Snakes are the marmite of the animal kingdom – you either love them or hate them. You should also fear a few of them. All in all, you should certainly learn plenty of interesting facts about snakes, especially if you plan to become a master of trivia competitions! We are here to help!
1. There Are 3,686 Species of Snakes
Snakes are a global and diverse animal species. It is difficult to know precisely how many species of snake there are in the wild. To date, 3,686 species of snakes have been discovered and recorded. Snakes have been found on every continent apart from Antarctica. The Himalayan pit viper has been found to live at 16,000 feet above sea level. Interestingly not all species of snakes live on land.
2. They are solar-powered
This is one really cool fact about snakes you probably had no clue about. Snakes are solar-powered because they rely on external heat and light. They are technically labeled cold-blooded but the right term we ought to use is ectothermic. This means that their body temperature is variable and regulated by external sources. Reptiles, use sources of heat like the sun to warm up.
3. They Are Carnivorous
Unlike other reptiles such as lizards, snakes are carnivorous. They only eat meat (i.e. other animals) or animal eggs. Many snakes are opportunistic feeders so they will vary their diet based on what prey is available.
- Other snakes
Smaller snakes such as the ring-necked snake eat earthworms, slugs, and amphibians. Larger snakes such as the green anaconda can eat mammals as large as deer and pigs! In captivity, most owners feed their snakes mice, rats, or rabbits depending on their size. The size of a snake restricts the size of the prey eaten.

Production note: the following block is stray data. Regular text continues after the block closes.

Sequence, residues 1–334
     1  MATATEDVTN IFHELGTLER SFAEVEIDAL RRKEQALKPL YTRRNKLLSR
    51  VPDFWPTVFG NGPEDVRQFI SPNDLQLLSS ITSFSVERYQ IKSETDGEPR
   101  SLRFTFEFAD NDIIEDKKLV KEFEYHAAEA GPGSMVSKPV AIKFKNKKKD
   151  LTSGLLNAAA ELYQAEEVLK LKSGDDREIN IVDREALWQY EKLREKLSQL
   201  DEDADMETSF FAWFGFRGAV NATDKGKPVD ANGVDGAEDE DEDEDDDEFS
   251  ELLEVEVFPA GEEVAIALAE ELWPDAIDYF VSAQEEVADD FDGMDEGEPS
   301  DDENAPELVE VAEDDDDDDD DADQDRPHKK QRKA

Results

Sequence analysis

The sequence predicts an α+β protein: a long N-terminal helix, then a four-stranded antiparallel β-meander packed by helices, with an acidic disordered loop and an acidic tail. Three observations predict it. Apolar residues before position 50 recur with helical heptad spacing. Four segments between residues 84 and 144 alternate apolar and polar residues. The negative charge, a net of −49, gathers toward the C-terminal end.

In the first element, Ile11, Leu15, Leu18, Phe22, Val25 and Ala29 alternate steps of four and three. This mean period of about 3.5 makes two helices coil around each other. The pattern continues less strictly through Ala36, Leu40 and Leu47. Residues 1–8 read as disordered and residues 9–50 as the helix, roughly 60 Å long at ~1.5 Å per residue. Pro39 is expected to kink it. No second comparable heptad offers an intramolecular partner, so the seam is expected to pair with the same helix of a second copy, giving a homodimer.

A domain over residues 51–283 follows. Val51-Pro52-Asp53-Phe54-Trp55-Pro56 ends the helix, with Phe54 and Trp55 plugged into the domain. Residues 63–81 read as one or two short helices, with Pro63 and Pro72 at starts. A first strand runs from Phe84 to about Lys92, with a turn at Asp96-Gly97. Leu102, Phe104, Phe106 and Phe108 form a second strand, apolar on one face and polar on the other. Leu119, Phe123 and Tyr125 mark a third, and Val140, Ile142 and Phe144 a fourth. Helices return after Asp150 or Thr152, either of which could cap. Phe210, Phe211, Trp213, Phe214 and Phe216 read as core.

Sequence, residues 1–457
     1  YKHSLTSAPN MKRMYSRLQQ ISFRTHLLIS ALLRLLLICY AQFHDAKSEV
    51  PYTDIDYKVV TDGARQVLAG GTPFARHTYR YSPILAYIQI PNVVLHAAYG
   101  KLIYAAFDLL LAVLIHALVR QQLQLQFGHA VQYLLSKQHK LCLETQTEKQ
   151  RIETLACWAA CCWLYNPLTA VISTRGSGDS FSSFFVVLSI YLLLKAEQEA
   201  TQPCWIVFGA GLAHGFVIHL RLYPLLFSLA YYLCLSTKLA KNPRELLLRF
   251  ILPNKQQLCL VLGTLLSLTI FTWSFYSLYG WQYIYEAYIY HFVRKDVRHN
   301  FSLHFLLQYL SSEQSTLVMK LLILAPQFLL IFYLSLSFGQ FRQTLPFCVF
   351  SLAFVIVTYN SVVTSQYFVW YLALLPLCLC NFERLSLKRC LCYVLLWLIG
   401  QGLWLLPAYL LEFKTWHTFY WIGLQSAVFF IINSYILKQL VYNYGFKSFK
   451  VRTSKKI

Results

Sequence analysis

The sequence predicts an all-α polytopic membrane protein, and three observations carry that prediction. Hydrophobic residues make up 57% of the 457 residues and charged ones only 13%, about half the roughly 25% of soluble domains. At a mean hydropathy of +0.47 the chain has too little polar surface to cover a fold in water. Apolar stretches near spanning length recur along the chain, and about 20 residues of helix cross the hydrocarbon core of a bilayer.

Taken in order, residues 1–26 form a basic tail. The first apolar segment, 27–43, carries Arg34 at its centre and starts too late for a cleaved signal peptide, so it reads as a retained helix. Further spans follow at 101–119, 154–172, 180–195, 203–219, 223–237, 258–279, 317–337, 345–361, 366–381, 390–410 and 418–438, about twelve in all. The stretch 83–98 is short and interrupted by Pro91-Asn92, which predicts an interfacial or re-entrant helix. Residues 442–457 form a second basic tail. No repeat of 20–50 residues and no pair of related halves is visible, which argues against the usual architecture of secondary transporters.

4. They do not have eyelids
We, humans, have eyelids but snakes, not so much. They look creepy for a reason to us. They do not blink and they sleep with their eyes open. The catch here is that instead of the lids, they have a thin screen or a membrane that protects them, and is known as brille.
5. Snakes Can Slither 12.5 Miles Per Hour
Many people wonder how fast are snakes. Despite not having any limbs snakes can move surprisingly fast. The fastest snake in North America is the coachwhip species that can slither at speeds of up to 3.6 miles per hour. The fastest snake in the world is the black mamba which has been recorded at 12.5 miles per hour.
6. 1.1 Million People Own Pet Snakes
4% of pet owners have snakes in the United States. In 2012 a survey of houses in the U.S found that over 1,150,000 people kept snakes. That number is expected to grow rapidly as keeping reptiles is very popular with millennials. The most popular pet snake is the ball python. Ball pythons are known for their docile nature, ease of care, and morph variety. Another favorite is corn snake morphs that are smaller than pythons but just as friendly.
7. They smell through their tongues
Yes, you read that right! Snakes do have nostrils but the smell is not what it is used for. These reptiles smell through their tongues. They use what is called Jacobson’s organ on the roof of their mouth. You may have noticed that they have a forked tongue and each side has multiple receptors that pick up different amounts of chemical cues.
8. Snakes Hibernate